Duke Energy’s Latest C.E.O. Drama
Duke Energy faces even more management upheaval.
As part of a wide-ranging settlement with regulators in North Carolina, James E. Rogers, the company’s chairman and chief executive, will retire at the end of 2013.
The settlement relates to the boardroom drama that elevated Mr. Rogers to the role in the first place.
Following the utility’s merger with Progress Energy, William D. Johnson, the chief executive of Progress, was to run the combined company. But hours after the $ 32 billion deal was completed on July 2, the board pushed Mr. Johnson out and brought back Mr. Rogers. The coup set off loud protests in North Carolina, where both Duke and Progress were based, and state inquiries over whether regulators were misled.
Duke’s board defended its actions, saying simply that it had lost confidence in Mr. Johnson’s ability to lead the company and that the board alone had sole authority over this decision. Mr. Johnson, who was hired this month to run the Tennessee Valley Authority, said he was a scapegoat for Duke’s board as its desire to complete the merger waned.
The combined Duke has more than seven million customers in its regulated businesses across six states in the Midwest and Southeast. The company is readying two large rates cases before the North Carolina utilities commission. The uncertainty over this investigation and its relationship with regulators has weighed on the company’s stock, which was off about 10 percent from its summer high but up nearly 2 percent in trading on Friday morning.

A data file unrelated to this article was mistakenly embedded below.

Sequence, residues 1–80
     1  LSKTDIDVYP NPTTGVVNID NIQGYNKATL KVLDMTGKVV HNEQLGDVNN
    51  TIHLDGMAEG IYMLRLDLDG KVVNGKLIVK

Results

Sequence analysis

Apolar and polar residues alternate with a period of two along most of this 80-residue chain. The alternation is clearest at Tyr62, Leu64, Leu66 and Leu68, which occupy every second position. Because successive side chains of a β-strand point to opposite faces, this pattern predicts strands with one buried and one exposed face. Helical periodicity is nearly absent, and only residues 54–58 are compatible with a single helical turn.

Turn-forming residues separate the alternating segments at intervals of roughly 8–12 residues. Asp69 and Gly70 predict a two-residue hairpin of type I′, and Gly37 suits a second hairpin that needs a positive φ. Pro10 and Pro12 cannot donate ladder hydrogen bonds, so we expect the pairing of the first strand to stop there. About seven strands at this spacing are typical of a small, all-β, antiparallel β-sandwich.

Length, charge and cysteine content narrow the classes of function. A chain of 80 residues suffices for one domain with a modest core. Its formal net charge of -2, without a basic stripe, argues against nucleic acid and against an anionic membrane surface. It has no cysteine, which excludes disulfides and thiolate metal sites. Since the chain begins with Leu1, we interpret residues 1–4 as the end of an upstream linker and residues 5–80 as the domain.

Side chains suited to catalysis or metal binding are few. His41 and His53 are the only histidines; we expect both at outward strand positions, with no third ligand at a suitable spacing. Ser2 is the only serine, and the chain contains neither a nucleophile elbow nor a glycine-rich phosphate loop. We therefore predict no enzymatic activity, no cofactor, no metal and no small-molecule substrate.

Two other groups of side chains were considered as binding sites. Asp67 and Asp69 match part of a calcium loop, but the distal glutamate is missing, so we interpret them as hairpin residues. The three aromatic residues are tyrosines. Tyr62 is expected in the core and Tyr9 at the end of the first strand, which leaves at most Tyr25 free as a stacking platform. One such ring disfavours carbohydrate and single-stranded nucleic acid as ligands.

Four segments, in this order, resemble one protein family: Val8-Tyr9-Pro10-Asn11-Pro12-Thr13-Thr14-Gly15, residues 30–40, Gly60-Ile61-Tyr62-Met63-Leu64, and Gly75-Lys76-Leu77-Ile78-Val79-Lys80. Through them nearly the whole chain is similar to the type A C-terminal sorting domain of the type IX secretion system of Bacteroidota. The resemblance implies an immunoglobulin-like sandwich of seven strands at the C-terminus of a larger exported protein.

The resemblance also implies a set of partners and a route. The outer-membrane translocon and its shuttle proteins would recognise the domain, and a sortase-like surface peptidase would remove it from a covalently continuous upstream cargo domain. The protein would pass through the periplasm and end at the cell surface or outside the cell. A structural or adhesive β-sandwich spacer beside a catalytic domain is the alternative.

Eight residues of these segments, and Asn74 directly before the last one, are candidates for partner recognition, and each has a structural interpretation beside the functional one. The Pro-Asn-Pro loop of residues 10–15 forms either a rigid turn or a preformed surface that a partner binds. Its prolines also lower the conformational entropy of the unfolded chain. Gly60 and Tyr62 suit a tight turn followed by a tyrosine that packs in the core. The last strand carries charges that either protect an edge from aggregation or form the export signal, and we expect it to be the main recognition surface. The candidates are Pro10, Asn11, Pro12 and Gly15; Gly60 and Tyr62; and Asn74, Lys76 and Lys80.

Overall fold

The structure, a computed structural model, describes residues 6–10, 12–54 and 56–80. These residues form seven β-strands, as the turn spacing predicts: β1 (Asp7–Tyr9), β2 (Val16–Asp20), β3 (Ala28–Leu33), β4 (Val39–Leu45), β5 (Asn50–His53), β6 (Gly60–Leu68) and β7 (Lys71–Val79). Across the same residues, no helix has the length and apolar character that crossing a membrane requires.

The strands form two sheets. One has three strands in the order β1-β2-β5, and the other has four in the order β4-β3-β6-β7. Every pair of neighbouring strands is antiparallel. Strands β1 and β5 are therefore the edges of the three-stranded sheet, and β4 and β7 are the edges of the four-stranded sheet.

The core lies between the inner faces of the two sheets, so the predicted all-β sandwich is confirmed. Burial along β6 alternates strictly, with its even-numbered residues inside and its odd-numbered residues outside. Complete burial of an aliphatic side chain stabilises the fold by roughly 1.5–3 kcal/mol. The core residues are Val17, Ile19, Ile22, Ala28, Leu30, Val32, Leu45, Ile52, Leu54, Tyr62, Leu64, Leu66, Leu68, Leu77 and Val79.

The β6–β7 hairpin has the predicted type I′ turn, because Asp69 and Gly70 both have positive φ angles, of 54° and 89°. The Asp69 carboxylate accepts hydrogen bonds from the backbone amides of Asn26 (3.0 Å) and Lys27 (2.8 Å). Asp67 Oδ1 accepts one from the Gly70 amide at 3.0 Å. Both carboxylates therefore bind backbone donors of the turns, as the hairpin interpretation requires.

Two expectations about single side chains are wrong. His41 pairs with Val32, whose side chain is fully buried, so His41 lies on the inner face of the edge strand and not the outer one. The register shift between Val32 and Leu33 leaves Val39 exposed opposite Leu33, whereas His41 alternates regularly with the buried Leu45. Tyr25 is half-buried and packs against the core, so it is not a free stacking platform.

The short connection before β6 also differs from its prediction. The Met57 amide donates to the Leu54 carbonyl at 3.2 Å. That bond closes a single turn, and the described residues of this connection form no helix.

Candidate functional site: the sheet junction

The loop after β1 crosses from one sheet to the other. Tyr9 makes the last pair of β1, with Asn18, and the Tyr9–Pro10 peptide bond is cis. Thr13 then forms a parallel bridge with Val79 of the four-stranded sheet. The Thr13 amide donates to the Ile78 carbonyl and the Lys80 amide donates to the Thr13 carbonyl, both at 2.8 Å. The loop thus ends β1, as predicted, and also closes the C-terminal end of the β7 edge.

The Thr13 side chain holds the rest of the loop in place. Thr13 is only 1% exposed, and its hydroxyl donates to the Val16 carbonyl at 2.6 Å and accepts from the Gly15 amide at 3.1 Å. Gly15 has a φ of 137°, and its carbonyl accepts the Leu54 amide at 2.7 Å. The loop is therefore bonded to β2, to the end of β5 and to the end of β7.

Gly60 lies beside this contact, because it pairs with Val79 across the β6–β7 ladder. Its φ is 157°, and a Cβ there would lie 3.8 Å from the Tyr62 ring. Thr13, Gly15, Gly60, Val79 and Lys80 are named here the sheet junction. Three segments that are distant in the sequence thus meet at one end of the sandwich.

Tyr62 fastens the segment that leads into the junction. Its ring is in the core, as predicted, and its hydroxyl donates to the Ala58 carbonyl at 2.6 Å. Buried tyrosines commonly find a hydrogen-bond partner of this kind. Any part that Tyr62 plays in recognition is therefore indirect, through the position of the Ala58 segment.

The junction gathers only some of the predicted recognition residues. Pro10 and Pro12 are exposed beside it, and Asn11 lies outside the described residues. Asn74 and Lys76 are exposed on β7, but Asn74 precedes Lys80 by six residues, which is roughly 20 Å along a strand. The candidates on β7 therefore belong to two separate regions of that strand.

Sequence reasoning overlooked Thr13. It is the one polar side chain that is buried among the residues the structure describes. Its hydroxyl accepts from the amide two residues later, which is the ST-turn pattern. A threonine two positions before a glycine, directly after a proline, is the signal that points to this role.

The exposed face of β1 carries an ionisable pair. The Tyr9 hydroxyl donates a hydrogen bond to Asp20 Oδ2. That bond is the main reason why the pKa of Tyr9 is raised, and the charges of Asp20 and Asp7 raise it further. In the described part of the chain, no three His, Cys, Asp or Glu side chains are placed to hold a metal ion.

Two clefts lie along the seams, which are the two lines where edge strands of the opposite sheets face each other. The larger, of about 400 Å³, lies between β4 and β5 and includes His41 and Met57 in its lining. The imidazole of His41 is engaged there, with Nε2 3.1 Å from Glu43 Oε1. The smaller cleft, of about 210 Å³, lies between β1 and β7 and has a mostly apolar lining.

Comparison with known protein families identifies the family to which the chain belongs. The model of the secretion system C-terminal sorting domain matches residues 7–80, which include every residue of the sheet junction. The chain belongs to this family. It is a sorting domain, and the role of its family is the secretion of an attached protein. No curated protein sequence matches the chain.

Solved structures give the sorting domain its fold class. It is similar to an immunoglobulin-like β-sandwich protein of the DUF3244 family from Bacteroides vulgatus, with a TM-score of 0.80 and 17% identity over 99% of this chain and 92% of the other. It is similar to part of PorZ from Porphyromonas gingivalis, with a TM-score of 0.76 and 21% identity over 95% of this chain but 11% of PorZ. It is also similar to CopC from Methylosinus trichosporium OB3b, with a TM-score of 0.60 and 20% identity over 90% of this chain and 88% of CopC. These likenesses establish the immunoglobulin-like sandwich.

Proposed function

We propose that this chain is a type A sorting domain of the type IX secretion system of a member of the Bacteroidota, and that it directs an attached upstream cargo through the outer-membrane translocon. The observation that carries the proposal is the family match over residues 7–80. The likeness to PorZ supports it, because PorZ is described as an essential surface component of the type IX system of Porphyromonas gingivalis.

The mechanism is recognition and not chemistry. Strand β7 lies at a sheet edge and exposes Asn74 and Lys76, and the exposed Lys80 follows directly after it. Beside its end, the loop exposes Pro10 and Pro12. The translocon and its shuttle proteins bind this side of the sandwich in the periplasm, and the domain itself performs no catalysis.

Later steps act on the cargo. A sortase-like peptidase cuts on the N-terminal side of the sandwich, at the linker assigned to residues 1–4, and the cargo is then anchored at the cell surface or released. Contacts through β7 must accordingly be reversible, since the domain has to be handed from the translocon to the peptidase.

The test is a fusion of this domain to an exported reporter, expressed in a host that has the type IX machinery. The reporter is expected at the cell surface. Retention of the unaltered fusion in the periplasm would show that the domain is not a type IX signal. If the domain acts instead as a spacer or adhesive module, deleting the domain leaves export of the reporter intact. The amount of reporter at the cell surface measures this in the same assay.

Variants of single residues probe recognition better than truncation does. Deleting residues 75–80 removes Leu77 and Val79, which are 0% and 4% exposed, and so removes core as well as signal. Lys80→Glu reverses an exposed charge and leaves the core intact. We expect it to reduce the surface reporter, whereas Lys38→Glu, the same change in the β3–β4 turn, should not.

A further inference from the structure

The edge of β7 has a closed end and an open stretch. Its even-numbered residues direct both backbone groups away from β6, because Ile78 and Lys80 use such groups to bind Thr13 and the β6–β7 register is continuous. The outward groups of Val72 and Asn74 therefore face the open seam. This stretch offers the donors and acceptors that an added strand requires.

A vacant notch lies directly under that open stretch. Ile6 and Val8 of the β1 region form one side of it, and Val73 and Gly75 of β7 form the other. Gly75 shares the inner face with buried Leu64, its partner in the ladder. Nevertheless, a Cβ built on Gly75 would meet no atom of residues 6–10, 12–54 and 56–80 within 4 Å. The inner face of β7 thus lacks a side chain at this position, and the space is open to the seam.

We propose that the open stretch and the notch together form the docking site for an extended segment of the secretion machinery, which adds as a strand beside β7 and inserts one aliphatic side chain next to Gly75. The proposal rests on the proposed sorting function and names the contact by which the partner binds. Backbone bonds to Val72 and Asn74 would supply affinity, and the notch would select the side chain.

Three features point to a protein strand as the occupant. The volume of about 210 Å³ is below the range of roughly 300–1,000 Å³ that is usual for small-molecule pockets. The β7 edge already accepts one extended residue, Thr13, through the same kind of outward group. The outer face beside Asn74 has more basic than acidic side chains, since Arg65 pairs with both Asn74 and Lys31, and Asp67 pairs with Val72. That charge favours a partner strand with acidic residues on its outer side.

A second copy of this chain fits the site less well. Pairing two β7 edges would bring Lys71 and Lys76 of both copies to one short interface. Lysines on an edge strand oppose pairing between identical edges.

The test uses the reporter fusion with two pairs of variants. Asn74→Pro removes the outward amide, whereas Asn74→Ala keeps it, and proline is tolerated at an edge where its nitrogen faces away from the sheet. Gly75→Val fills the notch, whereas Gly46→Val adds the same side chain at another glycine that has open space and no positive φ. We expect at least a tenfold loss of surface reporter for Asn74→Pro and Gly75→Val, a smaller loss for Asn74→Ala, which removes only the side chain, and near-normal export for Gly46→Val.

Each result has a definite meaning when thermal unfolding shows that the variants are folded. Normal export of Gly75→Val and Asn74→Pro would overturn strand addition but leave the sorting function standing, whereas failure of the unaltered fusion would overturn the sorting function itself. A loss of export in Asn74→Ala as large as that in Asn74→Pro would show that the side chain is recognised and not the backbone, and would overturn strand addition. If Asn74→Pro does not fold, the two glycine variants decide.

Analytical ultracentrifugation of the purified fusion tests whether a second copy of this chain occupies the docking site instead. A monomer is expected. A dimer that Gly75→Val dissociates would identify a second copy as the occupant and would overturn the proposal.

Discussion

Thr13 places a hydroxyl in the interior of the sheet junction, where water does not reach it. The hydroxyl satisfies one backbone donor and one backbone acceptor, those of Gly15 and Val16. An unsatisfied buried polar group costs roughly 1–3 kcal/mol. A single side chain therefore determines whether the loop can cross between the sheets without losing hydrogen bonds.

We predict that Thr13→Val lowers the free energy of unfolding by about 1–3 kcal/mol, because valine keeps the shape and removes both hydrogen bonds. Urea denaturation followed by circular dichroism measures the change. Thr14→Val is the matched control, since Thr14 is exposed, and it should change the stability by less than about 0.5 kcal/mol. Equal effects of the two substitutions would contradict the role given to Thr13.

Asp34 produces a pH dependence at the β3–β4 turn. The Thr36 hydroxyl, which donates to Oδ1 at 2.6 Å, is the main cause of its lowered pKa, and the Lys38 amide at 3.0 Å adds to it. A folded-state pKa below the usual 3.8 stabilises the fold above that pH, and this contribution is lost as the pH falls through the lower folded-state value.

As part of the settlement, Duke, which is based in Charlotte, will be required to keep at least 1,000 jobs in Raleigh for at least five years, rehire one of Mr. Johnson’s former top assistants for two years and replace Marc Manly, one of Mr. Rogers’s top lieutenants, as general counsel. The settlement also spells out the manner in which Duke’s board will search for a replacement for Mr. Rogers, one of the nation’s longest-serving utility executives.
While the settlement says that Duke’s agreement isn’t an admission of unlawful or improper action, it does require the company to issue a statement that says its activities have “fallen short” of the commission’s expectations. The settlement must be approved by the full commission, which meets Monday and is expected to sign off on the deal.